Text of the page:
• Screenwriting Weekend
Pacific New Media at UH
Instructor: Bob Green
May 28-30

• Sex & Rage: Screenwriting with Passion
Pacific New Media at UH
Instructors: Margaret South,
Frank South
July 17
"You would be limiting yourself," he said, noting that "Amadeus" took place "in Germany, but everybody spoke English in the movie. I think you have to take a certain license with that, or you're just shooting yourself in the foot."

Poirier will be featured on "Hawaii's Reel Stories," a half-hour magazine program showcasing filmmaking in Hawai'i. The "Reel Stories" series premieres Tuesday on Oceanic Cable channel 16 (see listing below), but a date hasn't been set for the segment on the Kamehameha project.

"I think it's illuminating to let people know that the story is being taken seriously, and not treated as just another action film," said Don Brown, executive producer of "Reel Stories."

"The story is such a part of the Hawaiian identity that it's going to be important to do it justice, both historically and spiritually," Brown said. "As the writer, Greg knows that he has a responsibility to tell the story accurately and in the right spirit."

Poirier, who received an MFA. in screenwriting from UCLA, said he believes there is enough story material in Hawai'i for aspiring local filmmakers.

For example, he said, there's no reason a filmmaker can't do a film noir that takes place in Honolulu.

"If you want to be shooting something about Hawai'i that is going to get people excited and interested in you, then you need to find your own unique way into it. The way to do that can be by finding something really familiar and hanging your story on it," he said.

Listening to his description of another movie he wrote, 1997's "Rosewood" (directed by John Singleton and starring Ving Rhames and Jon Voight), based on a true story about a lynch mob in a black Florida town in 1923, one gets insight into his approaches to making a story unique.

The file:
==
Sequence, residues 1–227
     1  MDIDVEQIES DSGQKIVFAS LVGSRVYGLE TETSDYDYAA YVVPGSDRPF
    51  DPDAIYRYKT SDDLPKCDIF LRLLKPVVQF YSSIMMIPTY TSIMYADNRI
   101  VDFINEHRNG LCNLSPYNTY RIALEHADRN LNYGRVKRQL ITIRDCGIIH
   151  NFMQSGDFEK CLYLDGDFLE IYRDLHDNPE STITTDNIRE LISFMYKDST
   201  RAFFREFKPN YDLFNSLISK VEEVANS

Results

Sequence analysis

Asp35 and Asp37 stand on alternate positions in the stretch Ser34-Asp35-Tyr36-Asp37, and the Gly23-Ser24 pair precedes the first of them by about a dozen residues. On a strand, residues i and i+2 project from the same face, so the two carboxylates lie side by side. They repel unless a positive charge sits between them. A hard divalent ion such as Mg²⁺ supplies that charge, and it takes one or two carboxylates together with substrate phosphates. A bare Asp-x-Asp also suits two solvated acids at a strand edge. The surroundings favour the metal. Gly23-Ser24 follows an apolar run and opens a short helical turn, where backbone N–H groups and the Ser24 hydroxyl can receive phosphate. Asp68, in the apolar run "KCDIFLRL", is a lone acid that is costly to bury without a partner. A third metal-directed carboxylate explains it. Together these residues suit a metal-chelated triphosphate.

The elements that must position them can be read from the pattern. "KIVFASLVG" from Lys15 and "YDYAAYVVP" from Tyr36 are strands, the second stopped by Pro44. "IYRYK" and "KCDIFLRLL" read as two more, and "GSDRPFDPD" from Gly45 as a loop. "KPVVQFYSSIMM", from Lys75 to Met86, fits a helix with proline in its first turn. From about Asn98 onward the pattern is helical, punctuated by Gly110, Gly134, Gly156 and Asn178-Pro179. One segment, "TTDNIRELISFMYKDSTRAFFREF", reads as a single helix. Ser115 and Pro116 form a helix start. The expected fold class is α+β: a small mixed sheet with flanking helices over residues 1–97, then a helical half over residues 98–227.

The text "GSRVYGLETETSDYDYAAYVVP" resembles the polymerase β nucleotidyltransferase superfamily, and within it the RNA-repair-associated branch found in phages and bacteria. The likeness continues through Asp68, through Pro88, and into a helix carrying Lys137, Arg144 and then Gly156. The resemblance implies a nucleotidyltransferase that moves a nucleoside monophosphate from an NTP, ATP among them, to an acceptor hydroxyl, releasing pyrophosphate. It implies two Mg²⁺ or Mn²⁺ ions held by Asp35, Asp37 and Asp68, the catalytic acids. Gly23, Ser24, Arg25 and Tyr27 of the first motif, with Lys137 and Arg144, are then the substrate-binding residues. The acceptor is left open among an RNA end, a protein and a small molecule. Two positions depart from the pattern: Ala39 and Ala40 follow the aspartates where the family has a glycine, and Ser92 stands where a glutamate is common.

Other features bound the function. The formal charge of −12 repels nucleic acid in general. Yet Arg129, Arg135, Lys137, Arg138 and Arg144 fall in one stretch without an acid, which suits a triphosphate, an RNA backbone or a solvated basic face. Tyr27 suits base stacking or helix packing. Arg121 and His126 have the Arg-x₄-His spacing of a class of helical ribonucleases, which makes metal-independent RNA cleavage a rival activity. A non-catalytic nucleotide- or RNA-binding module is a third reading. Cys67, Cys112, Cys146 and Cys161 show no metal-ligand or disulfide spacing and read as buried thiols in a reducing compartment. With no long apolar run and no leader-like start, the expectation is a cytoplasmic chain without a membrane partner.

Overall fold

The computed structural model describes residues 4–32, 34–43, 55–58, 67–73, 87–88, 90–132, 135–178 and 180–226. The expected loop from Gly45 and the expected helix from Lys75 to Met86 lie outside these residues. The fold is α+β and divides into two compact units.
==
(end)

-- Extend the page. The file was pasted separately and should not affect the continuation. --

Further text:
"There were multiple characters in ... ("Rosewood") but you needed something to hang it on," he said. "So I had to ask questions like: 'How do we allow people to come into this world? How do we allow people to come into this movie?' "

So what he decided to do was to "hang it" on a very familiar film structure, seen often in Clint Eastwood westerns, which is: the stranger (Ving Rhames) rides into town; nobody knows who he is; he doesn't know the town but he becomes integrated into the town; and you see the story through his eyes.

"We did that with the lead character in the movie. It gave accessibility to the movie ... let the audience relax (to say), 'OK, I recognize where I'm going here and I'm going to go along.'

"I think that a way to get into some of these stories in Hawai'i would be to do something similar to that, to find something familiar that you could hang your total unique story on and then be unique."

Premieres 11 p.m. Tuesday

Repeats 3:30 p.m. Wednesday, 9:30 p.m. Thursday

Oceanic Cable channel 16

(Check local listings for more repeat times and future showings)

• Show 1: Feature Films

Producer: Stephanie Castillo

Premieres Tuesday

Spotlight: Hawaii Does Sundance. Filmmakers Jeannette and Vili Hereniko talk about the experience of bringing their film "The Land Has Eyes" to Robert Redford's Sundance Film Festival in Park City, Utah.

• Show 2: Music and Film

Producer: Don Brown

Starts May 25

Spotlight: Mountain Apple Goes Hollywood. Record producer Jon de Mello discusses Hawai'i's contribution to film music in Hollywood and among independent film productions.

• Show 3: Cinematography

Producer: Stephanie Castillo

Starts June 1

Spotlight: Husband-and-wife cinematography and sound team Paul and Gracie Atkins talk about their working relationship on documentaries for National Geographic and the BBC, shot around the world.

• Show 4: Film and Video on Maui

Producer: Don Brown

Starts June 8

Spotlight: Maui Film Festival Reaches Maturity at Age Five. Barry Rivers and his wife, Stella, have steered the Maui Film Festival to national prominence.

• Show 5: Documentaries

Producer: Stephanie Castillo

Starts June 15

Spotlight: "American Aloha: Hula Beyond Hawai'i": Director Liette Flanary talks about her film, which took five years to make.

• Show 6: Actors

Producer: Don Brown

Starts June 22

Spotlight: Academy of Film and Television. Director and acting coach Scott Rogers explores the techniques behind teaching acting skills to advanced, intermediate and beginning students.